You should know that the listed cures vary between milder and stronger ones. Most of them can be found at regular drugstores. Some of them can be used every day, while others should only be employed every few days. You might be able to find the stronger kinds at designated salons which offer cosmetic procedures.

General Practical Advice

This leads to the question of how hard you should be pressing into your skin when exfoliating. As a general rule, you should never press so hard that you feel actual pain. If you are experiencing any kind of skin condition, you should probably be pressing very lightly. This means that you should be rubbing your skin gently6 and should not be doing it too frequently, either. The best advice is to observe the way your skin is reacting to the process, and act accordingly. In fact, if you are experiencing severe acne, you should probably not be physically exfoliating the affected area, at all. That could lead to further unpleasant effects like the reddening of your complexion, further sebum production or even just the all-round aggravation of your acne.

If you are opting for the chemical variant, make sure that the chemicals you are using are mild enough for your acne. Whenever you have to dry your skin after showering, always pat it dry instead of additionally scrubbing it. If you use any kind of additional ointments, make sure to read the instructions, in the case that they might react badly with recently exfoliated skin. Do hydrate yourself regularly. This is because the oils you have scrubbed off during exfoliation will only be re-manufactures by your sebaceous glands if your complexion is not sufficiently moisturized. Use an oil-free, non-comedogenic, lotion that is specifically designed for your skin type and for the body part onto which you are lathering it.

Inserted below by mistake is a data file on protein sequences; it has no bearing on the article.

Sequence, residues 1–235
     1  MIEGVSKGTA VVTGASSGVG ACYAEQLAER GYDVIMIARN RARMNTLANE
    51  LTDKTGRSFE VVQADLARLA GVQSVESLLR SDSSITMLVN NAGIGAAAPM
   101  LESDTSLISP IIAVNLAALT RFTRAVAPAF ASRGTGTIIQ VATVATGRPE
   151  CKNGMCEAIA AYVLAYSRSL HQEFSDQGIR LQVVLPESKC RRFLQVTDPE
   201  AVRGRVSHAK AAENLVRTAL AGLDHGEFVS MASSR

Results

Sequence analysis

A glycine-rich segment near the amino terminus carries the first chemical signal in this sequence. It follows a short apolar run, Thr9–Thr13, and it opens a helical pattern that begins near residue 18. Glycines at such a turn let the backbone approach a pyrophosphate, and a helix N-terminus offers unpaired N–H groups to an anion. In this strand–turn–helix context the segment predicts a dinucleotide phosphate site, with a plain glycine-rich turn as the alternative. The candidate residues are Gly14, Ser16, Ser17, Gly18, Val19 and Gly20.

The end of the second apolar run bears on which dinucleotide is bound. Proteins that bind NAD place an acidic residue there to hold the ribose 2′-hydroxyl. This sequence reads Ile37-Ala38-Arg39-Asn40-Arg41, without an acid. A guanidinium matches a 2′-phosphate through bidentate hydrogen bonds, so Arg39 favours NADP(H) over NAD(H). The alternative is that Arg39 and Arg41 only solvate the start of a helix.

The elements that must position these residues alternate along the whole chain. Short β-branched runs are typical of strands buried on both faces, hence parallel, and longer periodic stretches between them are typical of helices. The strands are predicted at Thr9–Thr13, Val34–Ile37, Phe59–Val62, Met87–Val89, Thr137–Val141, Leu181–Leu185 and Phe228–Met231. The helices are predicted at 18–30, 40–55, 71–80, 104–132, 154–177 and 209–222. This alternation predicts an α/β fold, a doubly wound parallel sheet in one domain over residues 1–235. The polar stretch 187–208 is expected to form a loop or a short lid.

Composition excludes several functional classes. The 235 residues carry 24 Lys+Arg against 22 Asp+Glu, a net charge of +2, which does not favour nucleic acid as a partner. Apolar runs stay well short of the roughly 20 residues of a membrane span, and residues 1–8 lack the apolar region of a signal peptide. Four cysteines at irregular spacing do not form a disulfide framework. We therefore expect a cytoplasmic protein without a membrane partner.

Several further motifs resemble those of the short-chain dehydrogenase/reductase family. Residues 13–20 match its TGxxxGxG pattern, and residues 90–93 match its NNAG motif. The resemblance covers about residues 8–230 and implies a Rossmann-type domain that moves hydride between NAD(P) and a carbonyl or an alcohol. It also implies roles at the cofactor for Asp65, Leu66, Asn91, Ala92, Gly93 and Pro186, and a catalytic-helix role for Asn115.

What kind of exfoliating agent should you choose? Opt for a well-reviewed scrub, a product you can peel off, or, if you are feeling unsure about only using a cream, go for a microdermabrasion procedure. Do not hesitate to ask your doctor or dermatologist for extensive guidelines7 in regards to exfoliating your acne-ridden skin. It is better to be safe than sorry, and you really don’t want your condition to worsen just because you scrubbed too hard or because you chose an unsuitable chemical procedure. If you experience any sort of additional inflammation after a specific treatment, immediately contact a specialist for help. Otherwise, enjoy exfoliating your way to healthier skin!


  1. Ayer J., Burrows N. Acne: more than skin deep. Postgraduate Medical Journal. 2006;82(970):500–506.
  2. Sparavigna A., Tenconi B., De Ponti I., La Penna L. An innovative approach to the topical treatment of acne. Clinical, Cosmetic, and Investigational Dermatology. 2015;8:179–185.
  3. Grajqevci-Kotori M., Kocinaj A. Exfoliative Skin-peeling, Benefits from This Procedure and Our Experience. Contact Dermatitis (Journal). Medical Archives. 2015;69(6):414–416.
  4. Lloyd, J.R. The use of microdermabrasion for acne: a pilot study. Dermatologic Surgery (Journal). 2001;27(4):329-31.
  5. Leyden J, Stein-Gold L, Weiss J. Why Topical Retinoids Are Mainstay of Therapy for Acne. Dermatology and Therapy. 2017;7(3):293-304.
  6. Skin care for acne-prone skin. Institute for Quality and Efficiency in Health Care (IQWiG). 2013.
  7. American Academy of Dermatology. Evaluate before you exfoliate. AAD Website. Accessed 2019.